Costa Rican Minister of Foreign Affairs and Worship Arnoldo Andre Tinoco says, "Korea is a country with a strong intent to form a bridge of communication with the world."
In a July 7 interview with Korea.net at the hotel Westin Josun Seoul in the city's Jung-gu District, he said, "Korea and Costa Rica are geographically far but seem very close, as both countries share values, hope and the will to cooperate."
Last month, the minister visited Korea for five days to attend the Korea-LAC (Latin America and Caribbean) Future Cooperation Forum from July 4-5 in Busan's Haeundae-gu District and the northern section of the city's port.
"Since Korea concluded a free trade agreement with Central America in 2019, the country has become a transparent and attractive market for Costa Rican producers," he said.
"Korea has a strong determination to establish a support network for the Central American region," he added. "It's the seventh-biggest shareholder in the Central American Bank for Economic Integration, and its investment of USD 630 million supports this."
The former lawyer was appointed to his ministerial post in May this year. He also served as general honorary consul of Norway in 1997, president of the Chamber of Commerce of Costa Rica from 2010-13 and member of the board of directors of the Costa Rican-German Chamber of Commerce.
He was an arbitrator for the free trade deal between Costa Rica and Chile in 2007 and legal adviser to the German, Swiss, Austrian and Norwegian embassies in Costa Rica.
The following are excerpts from the interview.
This is your first visit to Korea. What is your impression of the country?
I've had a very positive impression. I think Korean architecture's charm and efforts toward sustainable development have helped Korea gain the global spotlight in culture and tourism. The people, architecture and harmony show the image of a nation that prioritizes sustainable development, culture and competitiveness. I especially feel that the Port of Busan is connected with the world and is both competitive and efficient. I consider Busan a pivotal gateway for the Korean Peninsula and all of Northeast Asia.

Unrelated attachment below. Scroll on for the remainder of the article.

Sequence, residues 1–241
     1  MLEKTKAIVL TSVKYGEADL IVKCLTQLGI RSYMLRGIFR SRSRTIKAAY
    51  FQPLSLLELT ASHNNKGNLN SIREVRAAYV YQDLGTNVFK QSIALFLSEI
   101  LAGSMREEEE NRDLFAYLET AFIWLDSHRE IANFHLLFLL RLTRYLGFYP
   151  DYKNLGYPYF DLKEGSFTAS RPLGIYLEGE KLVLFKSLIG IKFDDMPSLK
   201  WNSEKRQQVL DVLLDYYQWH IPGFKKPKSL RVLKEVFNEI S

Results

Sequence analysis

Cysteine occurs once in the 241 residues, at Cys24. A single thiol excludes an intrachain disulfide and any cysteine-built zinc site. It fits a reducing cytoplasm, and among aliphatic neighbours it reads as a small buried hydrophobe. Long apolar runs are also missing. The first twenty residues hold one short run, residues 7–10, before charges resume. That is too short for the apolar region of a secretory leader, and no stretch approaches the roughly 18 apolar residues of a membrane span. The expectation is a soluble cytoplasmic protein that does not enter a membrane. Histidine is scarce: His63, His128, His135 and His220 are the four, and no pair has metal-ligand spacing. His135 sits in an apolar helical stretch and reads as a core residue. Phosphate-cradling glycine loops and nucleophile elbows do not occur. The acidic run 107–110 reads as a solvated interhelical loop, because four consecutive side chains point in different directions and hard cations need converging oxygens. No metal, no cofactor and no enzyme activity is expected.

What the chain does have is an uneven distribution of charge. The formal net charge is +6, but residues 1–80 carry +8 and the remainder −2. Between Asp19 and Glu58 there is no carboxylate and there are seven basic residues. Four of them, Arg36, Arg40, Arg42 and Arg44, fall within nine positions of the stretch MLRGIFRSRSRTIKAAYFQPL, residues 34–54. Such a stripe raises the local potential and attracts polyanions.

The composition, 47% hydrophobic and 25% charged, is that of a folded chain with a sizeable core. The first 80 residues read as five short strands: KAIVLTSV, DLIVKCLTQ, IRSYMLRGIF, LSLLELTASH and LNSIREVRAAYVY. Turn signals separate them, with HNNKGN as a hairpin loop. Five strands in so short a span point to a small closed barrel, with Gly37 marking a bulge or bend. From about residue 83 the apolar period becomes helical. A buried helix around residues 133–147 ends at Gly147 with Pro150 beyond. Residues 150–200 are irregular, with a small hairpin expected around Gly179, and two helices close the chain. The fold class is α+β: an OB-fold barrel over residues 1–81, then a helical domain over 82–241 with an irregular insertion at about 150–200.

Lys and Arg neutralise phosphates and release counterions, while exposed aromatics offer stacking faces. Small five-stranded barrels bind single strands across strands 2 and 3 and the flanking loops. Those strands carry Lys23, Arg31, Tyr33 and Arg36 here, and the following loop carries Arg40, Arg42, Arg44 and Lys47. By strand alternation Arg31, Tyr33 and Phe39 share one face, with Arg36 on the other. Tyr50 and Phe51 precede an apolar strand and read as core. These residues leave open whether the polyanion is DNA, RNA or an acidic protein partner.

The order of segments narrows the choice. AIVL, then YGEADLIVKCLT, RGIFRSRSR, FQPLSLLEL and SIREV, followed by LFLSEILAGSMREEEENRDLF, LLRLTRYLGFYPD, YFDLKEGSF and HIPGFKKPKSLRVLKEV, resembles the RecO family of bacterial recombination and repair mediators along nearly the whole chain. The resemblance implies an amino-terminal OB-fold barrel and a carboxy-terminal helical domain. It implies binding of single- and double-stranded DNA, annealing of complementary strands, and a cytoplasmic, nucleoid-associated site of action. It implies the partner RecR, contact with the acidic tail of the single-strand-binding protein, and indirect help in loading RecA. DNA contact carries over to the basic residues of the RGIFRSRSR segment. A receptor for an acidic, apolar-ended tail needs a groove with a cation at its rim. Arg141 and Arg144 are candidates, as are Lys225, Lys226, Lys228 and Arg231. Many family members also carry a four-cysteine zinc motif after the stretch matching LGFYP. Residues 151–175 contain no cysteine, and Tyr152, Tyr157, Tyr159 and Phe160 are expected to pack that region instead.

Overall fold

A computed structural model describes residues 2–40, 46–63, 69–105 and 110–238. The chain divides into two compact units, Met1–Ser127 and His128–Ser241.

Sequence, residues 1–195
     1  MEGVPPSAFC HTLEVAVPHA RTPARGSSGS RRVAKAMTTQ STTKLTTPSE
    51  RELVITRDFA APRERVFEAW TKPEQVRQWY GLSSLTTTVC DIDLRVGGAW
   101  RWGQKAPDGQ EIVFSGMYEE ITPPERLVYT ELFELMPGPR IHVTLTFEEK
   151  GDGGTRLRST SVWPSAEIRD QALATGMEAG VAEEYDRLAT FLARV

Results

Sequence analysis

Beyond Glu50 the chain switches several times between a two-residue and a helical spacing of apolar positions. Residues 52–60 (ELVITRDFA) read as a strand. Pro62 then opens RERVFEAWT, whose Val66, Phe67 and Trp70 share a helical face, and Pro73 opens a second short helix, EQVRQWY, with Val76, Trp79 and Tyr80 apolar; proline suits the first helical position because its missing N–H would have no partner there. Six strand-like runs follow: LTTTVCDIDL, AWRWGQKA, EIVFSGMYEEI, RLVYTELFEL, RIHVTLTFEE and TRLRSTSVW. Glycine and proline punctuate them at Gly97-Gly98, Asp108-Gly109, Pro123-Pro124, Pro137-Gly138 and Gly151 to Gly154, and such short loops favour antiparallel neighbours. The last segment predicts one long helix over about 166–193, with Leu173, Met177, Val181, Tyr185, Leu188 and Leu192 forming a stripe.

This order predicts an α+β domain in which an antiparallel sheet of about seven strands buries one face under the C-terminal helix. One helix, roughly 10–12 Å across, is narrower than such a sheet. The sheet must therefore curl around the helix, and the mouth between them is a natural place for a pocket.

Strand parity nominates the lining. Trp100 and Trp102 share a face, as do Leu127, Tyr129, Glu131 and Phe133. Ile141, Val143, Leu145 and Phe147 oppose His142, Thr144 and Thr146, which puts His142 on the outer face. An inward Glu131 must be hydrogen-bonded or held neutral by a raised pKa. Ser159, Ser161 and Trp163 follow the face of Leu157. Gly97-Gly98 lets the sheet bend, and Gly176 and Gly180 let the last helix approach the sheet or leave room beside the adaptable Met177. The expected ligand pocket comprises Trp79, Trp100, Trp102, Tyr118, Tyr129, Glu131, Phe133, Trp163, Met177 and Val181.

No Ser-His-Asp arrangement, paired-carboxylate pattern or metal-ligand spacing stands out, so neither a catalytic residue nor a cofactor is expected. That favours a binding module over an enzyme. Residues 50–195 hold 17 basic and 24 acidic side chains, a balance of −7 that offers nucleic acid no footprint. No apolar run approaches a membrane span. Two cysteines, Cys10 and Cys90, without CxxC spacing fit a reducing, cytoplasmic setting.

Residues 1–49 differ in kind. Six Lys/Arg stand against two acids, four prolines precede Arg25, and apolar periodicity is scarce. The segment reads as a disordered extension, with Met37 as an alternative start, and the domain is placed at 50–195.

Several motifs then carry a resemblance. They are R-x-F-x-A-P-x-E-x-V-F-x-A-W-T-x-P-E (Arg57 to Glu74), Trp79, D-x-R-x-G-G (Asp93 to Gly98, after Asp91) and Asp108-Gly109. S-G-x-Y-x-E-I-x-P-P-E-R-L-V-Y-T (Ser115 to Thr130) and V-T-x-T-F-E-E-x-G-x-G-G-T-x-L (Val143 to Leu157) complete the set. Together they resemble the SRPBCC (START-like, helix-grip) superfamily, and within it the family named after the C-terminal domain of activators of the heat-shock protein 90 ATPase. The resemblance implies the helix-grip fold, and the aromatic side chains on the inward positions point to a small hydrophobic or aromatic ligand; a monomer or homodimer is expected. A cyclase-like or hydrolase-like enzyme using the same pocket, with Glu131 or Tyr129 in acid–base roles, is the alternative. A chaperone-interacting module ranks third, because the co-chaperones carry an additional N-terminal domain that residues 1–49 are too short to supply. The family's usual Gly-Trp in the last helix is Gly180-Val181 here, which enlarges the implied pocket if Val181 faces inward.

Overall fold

Aside from the forum, where in Korea have you visited or want to go?
I walked around Gwanghwamun Square and was impressed by the structure of Cheonggyecheon Stream. Above all, the harmony of the statues of Admiral Yi Sun-sin and King Sejong the Great was astounding. I had no time to travel elsewhere due to my tight schedule, but would love to go to places (if I visit again) where national efforts are going into cultural preservation such as Jeonju (Jeollabuk-do Province) or Bukchon Hanok Village (in Seoul). I would also love to go to Seoraksan National Park, a UNESCO Biosphere Reserve, and Insa-dong (Seoul), where urban arts, craftworks, traditional food and art galleries form a harmony.
Korea and Costa Rica have cooperated in sectors like culture, economy and the environment. Over the past 60 years of bilateral ties, what do you consider the most meaningful achievement?
Korea has always responded to Costa Rica's interest in how Korea improved its quality of education. Since 2016, the two countries have closely cooperated through the "KSTAR for Costa Rica" project to enhance the Costa Rican labor market's ability to respond and technological advancement. To set global quality standards for technological improvement, curriculum, technology updates and vocational skills education, we used the World Skills model, an education strategy allowing Costa Ricans to enhance technology based on global standards.
Both countries have elevated their ties from a "comprehensive cooperative partnership" to an "action-oriented comprehensive partnership," agreeing to boost collaboration in digitalization and the environment. What progress has since been achieved?